Metz, W.F. (n.d). How Reality Tv Works. HowStuffWorks. Retrieved Fromhttps://entertainment.howstuffworks.com/reality-tv.htm#

Grimes, G. (n.d). Just How Fake are Reality Tv shows? HowStuffWorks. Retrieved From https://entertainment.howstuffworks.com/just-how-fake-are-reality-tv-shows.htm

Stradal, R. (2014) “Unscripted Does Not Mean Unwritten.” Writers Guild of America, West. Retrieved From http://www.wga.org/organizesub.aspx?id=1096

Week 11: Anastasia Shearer

How real is reality TV?

Reality TV as defined by Beressi and Nunn (2005) (as cited in Smith, 2020), is “[Reality TV places] an emphasis on the representation of ordinary people and allegedly unscripted or spontaneous moments that supposedly reveal unmediated reality”. Reality TV implements a diverse set of styles and techniques such as amateur actors/actresses, improvisation, and the use of hidden cameras, surveillance cameras and hand-held cameras to encapsulate the feeling that you are seeing the events unfold in real time (Hill, 2005). However, every reality TV show is different in which style and techniques they use and there is a vast array of shows to suit just about everyone’s interests. You wouldn’t say that The Kardashians were anything like the reality TV show Survivor. These shows are under strict criteria oftentimes by their audiences and what their audiences depict to be a realistic (Kilborn, 1994). Despite these differences all these reality TV shows boil down to the same thing. All of them want to claim a certain amount of authenticity on their show, as well as having the maximum entertainment factor.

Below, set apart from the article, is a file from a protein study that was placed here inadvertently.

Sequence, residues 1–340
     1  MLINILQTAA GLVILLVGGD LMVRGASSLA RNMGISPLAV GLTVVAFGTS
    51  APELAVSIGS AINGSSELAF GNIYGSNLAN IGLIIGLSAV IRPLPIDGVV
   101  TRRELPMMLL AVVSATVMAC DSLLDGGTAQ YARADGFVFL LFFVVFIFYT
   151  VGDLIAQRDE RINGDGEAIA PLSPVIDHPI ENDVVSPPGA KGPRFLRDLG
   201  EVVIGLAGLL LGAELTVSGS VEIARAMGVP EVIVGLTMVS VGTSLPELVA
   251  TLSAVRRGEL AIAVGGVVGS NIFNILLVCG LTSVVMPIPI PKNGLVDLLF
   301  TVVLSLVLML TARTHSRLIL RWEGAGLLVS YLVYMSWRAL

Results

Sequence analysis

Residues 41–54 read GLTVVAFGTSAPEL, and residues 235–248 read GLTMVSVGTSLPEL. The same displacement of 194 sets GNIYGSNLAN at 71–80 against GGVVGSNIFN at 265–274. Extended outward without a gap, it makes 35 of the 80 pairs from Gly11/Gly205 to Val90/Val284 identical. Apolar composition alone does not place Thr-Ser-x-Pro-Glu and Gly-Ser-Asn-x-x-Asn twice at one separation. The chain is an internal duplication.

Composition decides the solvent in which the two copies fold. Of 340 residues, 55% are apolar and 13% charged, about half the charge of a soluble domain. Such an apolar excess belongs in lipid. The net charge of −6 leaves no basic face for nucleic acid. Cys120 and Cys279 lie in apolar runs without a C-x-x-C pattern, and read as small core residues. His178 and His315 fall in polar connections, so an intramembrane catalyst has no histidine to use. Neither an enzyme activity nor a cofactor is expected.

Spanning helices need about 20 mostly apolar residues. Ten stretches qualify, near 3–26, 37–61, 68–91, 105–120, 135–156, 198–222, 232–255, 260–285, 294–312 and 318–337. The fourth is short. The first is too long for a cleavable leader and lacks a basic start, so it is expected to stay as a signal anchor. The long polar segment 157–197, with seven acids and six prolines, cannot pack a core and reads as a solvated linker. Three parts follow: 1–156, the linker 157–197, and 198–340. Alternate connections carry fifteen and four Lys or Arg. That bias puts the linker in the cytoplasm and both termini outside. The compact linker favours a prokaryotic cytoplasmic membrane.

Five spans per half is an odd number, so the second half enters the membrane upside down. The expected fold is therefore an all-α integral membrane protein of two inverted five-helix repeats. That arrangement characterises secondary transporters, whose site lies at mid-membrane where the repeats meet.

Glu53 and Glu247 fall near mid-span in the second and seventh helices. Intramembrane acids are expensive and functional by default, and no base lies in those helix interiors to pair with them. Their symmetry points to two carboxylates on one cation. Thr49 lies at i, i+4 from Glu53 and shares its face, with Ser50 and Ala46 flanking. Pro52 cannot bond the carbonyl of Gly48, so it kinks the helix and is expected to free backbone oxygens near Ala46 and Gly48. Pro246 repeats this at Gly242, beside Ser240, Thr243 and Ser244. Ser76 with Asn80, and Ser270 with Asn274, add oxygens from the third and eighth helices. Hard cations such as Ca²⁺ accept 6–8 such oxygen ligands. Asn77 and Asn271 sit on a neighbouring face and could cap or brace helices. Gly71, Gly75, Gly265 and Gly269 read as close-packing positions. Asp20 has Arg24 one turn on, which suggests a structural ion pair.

So where did reality TV really begin? Documentaries were the beginning of the reality TV phenomena, the medium was evolved by a man named John Grierson who supported the making of realist-documentary types of film. Moving on to the 1950s and technology had been majorly upgraded. This meant it was easier for filmmakers to be less intrusive whilst filming and allowed them to film in the moment which often had no objective. There is a famous rockumentary about Bob Dylan shot in this style. Cinéma Vérité was yet another style of shooting these realist-documentary types of films. Although they too used the less intrusive method they took it one step further and presented a point of view and encouraged things to happen. Furthermore, they had someone behind the camera asking the subjects questions and interacting with them that way. Free cinema which was developed in Britain in the mid-50s started to look at just average everyday people. They didn’t yet focus on just the individual people, but on the lives of common people such as people in trades. This style of reality-documentary influenced social issue dramas such as the well known television show Coronation Street (Smith 2020). 

‘Cathy Come Home’ was a groundbreaking television play as it was the first documentary type film that had been shot outside of a studio. It revolved around this young family experiencing poverty and homelessness and people had not seen anything like it before as these types of films were often reserved for current affairs (Smith, 2020).